Hear The Music

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Feb. 15, 2018

The Hidden Hearing Loss Controversy

Marshall Chasin
Hidden hearing loss, also known as “cochlear synaptopathy”, is a phrase used to refer to neural dysfunction where there is still good cochlear (or sensory) function.  It is the sensory function that typically yields the measurement of hearing sensitivity on an audiogram or hearing test.  People with normal cochlear function would have a normal audiogram but may report that they
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Jan. 16, 2018

Shields, Screens, and Baffles

Marshall Chasin
This blog was originally published in Canadian Audiologist, Vol. 1, Issue 3, 2014 which is the official e-journal of the Canadian Academy of Audiology.  We thank the publishers for permission to reprint. Sandra Teglas holds BM, MM, and PhD degrees from UNCGreensboro. At UNCGreensboro, Dr. Teglas was Program Coordinator with the Music Research Institute in the School of Music. She is
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Dec. 19, 2017

My favorite post of all time

Marshall Chasin
The Mysterious Case of the Missing C# It was a dark and stormy Thursday when suddenly the telephone rang.  I heard a voice that I didn’t recognize but something about it was familiar.  He said that he had lost something that was very important to him and he had to see me right away.  I gave him an appointment for
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Dec. 12, 2017

Top Post of 2017 for Hear the Music

Marshall Chasin
Speech is not a broadband signal… but music is We tend to be biased, both in our training and in our technologies that we use. We tend to look at things based on spectra or frequencies.  Phrases such as “bandwidth” and long term average speech spectrum show this bias. The long term average speech spectrum, with is averaged over time, is indeed
Dec. 05, 2017

The Luxury of Hearing Protection

Marshall Chasin
This is a guest blog based on the theme, that some is good, but too much is not good.  I have invited Pieter van ‘t Hof ([email protected]) who is the Manager of Research and Development of Dynamic Ear Company to contribute this week.   Suppose you are on a cocktail party which has just started. Only a couple of people
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Nov. 28, 2017

Aphasia and Music

Marshall Chasin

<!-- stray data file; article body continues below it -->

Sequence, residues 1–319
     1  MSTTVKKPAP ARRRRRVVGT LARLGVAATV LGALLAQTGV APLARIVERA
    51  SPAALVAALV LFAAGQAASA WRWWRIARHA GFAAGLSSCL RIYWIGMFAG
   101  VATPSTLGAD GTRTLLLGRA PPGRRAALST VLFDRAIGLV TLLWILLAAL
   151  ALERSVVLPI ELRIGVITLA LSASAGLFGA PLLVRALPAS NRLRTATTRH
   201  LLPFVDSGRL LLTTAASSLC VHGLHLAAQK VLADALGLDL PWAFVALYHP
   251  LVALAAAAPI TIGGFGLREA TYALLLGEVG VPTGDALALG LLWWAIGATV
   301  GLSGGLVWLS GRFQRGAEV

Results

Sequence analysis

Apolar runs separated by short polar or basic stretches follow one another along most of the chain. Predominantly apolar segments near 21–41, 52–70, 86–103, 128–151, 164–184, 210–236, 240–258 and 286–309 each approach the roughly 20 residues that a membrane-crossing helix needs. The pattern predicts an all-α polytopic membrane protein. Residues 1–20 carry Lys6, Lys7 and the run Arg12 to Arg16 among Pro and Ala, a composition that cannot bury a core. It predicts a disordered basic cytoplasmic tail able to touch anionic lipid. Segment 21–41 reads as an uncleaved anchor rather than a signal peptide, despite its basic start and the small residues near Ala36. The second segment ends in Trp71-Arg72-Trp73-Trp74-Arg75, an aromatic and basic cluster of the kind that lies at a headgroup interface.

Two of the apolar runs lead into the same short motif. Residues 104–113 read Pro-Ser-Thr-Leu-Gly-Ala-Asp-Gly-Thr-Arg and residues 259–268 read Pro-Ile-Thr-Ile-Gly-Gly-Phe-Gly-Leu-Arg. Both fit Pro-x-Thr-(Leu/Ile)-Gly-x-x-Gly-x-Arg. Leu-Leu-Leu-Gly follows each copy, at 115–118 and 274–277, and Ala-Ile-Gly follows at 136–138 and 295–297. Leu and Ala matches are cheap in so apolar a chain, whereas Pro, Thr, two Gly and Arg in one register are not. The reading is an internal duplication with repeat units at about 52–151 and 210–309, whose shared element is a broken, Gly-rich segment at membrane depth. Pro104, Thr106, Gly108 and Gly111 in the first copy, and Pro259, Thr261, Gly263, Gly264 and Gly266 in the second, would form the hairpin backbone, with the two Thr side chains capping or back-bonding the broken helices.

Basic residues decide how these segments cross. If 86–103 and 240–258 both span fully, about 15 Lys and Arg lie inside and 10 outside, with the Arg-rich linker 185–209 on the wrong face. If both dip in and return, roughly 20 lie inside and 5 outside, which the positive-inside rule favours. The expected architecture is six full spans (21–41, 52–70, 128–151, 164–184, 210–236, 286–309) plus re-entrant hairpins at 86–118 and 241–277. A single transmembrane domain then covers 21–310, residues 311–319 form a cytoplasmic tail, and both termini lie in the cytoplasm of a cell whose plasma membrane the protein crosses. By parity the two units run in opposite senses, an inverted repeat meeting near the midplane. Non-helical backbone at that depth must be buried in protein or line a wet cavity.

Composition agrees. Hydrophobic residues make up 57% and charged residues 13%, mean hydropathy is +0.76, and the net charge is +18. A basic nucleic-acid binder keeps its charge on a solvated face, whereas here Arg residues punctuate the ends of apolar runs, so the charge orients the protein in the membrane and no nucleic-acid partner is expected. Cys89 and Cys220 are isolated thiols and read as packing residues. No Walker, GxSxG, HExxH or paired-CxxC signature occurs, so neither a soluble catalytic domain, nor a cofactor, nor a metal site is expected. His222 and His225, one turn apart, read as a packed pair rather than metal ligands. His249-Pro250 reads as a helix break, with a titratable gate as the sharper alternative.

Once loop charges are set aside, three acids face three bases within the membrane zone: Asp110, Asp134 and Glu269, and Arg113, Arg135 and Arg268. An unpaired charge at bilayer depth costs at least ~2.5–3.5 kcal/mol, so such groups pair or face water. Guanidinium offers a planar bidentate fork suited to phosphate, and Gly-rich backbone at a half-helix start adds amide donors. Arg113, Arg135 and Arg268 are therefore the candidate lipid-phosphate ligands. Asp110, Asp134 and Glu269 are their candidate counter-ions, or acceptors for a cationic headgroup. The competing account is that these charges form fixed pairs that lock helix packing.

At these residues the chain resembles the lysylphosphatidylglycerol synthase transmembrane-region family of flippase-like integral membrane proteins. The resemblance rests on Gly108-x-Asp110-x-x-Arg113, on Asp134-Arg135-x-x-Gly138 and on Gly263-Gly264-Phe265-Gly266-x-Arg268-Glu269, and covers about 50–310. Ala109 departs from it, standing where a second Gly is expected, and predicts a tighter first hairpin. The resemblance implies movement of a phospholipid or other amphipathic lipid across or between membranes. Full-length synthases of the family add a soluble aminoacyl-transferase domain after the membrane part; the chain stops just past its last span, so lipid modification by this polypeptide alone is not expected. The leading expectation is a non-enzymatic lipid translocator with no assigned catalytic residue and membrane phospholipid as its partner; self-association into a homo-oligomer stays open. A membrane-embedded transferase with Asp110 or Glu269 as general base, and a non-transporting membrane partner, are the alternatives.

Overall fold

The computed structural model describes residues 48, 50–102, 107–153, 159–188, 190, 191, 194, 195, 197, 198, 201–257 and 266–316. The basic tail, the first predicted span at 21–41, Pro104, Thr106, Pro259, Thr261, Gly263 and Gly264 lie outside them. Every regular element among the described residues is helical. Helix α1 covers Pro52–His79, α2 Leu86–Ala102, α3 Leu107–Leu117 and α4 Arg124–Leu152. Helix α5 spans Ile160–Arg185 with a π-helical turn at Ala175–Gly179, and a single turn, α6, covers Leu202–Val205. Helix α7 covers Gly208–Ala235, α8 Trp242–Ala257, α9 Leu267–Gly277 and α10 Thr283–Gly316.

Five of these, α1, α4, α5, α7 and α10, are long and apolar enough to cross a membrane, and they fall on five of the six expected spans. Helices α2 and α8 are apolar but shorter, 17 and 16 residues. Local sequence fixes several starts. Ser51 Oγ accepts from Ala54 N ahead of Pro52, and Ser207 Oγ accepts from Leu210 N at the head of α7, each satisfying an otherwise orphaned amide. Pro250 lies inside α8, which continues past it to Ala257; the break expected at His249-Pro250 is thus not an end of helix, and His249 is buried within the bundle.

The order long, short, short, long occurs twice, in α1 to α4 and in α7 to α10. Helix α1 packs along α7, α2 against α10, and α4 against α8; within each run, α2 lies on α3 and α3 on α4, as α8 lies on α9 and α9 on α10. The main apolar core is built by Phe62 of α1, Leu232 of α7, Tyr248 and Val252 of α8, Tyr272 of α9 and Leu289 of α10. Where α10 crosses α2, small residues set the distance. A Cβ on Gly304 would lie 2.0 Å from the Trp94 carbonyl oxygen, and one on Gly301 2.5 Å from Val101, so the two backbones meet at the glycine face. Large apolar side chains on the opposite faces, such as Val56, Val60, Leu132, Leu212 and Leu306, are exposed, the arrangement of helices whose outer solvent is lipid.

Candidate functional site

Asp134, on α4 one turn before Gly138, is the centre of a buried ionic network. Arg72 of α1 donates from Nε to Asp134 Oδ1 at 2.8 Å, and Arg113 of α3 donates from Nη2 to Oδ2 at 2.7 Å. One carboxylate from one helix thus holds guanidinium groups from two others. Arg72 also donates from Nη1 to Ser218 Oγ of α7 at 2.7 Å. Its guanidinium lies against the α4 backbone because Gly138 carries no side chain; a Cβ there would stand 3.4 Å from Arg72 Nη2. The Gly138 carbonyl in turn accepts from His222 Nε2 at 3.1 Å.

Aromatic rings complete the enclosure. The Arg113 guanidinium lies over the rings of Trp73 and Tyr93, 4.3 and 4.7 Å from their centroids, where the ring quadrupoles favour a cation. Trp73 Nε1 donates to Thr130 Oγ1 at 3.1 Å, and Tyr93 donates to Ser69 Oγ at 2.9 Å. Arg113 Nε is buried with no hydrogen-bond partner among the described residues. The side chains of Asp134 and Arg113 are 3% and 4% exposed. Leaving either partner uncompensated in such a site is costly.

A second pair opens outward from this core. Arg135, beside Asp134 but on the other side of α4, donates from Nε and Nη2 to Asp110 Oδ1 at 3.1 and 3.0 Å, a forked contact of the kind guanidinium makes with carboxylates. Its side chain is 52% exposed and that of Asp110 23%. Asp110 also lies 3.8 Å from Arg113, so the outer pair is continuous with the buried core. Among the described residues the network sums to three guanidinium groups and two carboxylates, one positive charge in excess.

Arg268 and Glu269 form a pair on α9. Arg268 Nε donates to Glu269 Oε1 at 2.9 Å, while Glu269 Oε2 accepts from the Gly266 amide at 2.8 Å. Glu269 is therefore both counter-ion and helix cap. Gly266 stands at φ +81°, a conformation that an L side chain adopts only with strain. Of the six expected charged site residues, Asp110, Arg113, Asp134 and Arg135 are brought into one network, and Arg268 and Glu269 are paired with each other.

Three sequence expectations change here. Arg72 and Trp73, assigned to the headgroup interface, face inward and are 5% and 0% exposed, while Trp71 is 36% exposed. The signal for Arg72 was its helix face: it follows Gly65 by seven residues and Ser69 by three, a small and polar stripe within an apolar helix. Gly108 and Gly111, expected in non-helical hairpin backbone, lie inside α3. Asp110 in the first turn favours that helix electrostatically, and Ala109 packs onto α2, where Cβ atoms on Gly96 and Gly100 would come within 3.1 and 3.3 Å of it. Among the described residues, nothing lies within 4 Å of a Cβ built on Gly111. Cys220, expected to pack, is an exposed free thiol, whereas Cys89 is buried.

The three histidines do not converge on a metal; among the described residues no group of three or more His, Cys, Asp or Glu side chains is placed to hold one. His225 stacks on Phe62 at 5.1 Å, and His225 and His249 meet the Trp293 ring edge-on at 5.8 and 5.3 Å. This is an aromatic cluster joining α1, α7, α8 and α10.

Aphasia is a word that is typically associated with a collection of symptoms that a person may experience after a blood clot or stroke has affected a certain part of the brain.  In general, aphasia can be divided into two main groups; an expressive form that limits the output of speech, and a receptive form that limits the understanding of speech. Of
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Nov. 21, 2017

Why art existed in some caves but not others…

Marshall Chasin
For those who have ever been in a grotto or cave, on occasion, if you are very lucky, you may see paintings on the walls, or “rock art” made up of arranged stones; a miniature Stonehenge!  This is a very rare event and the reasons for seeing art (or not) may be related to simple acoustics.  Why is it that
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Nov. 14, 2017

No correlation between cost of earphones and frequency response

Marshall Chasin
Of the many journals I subscribe to, one is the Journal of the Acoustical Society of America.   And of the articles that are the most well-read (at least so far in 2017) is “Enhancing monochromatic multipole emission by a subwavelength enclosure of degenerate Mie resonances” and “No correlation between headphone frequency response and retail price”.   Well, I don’t have to
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Nov. 07, 2017

Smartphones have latencies – part 2

Marshall Chasin
In part one of this blog series, the characteristics, strengths, and limitations of MEMS microphones were discussed. These are excellent microphones to use in devices that are “forgotten” in cars on hot summer’s days because electrons can be pumped back onto the microphone diaphragm when needed.  However, issues such as dynamic range, frequency response, and “factory settings” such as directionality
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Oct. 31, 2017

Smartphones Have Microphones – Part 1

Marshall Chasin
There is a multitude of apps for Smartphones that can turn them into sound level meters, recording devices, playback devices, and even allow them to be coupled with external devices for hearing aids via Bluetooth or other wireless protocols. However, each step in the recording/playback/control pathways can add some error to the final measured result. Some of these errors are